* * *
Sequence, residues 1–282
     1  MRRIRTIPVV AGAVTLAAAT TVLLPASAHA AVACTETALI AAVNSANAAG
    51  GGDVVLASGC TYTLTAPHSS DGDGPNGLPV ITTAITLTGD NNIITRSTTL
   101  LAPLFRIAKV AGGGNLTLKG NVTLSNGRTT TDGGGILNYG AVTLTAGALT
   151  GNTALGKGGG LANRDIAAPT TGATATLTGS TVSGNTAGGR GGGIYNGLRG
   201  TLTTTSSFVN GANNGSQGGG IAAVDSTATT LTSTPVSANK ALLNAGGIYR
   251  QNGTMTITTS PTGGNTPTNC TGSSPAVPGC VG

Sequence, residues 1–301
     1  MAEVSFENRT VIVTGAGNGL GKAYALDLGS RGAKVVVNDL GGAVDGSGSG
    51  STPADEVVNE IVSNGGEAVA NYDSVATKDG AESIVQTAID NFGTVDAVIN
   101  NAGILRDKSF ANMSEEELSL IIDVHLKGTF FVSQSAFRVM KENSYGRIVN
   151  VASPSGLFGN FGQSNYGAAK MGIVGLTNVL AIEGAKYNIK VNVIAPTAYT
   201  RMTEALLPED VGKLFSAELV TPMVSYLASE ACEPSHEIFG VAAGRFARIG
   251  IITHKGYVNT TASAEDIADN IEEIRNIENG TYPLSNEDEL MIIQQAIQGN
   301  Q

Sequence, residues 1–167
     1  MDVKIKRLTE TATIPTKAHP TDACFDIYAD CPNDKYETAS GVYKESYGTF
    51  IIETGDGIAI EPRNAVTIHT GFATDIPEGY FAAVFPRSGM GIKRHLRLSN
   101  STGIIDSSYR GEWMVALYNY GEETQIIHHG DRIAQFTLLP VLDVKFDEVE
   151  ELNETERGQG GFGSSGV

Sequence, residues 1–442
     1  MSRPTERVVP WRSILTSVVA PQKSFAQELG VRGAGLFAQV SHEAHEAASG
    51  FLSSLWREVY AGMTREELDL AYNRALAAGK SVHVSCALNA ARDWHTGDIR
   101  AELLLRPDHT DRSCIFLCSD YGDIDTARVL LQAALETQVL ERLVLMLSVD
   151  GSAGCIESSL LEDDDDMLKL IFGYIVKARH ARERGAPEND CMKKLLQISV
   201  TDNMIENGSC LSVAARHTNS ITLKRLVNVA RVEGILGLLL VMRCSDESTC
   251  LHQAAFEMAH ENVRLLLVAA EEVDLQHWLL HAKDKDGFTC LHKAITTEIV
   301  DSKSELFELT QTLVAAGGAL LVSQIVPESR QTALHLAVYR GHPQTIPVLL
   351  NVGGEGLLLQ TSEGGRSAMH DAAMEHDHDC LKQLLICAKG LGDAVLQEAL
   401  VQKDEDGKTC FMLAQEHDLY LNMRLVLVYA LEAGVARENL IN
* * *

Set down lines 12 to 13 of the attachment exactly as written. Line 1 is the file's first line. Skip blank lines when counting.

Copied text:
   151  VASPSGLFGN FGQSNYGAAK MGIVGLTNVL AIEGAKYNIK VNVIAPTAYT
   201  RMTEALLPED VGKLFSAELV TPMVSYLASE ACEPSHEIFG VAAGRFARIG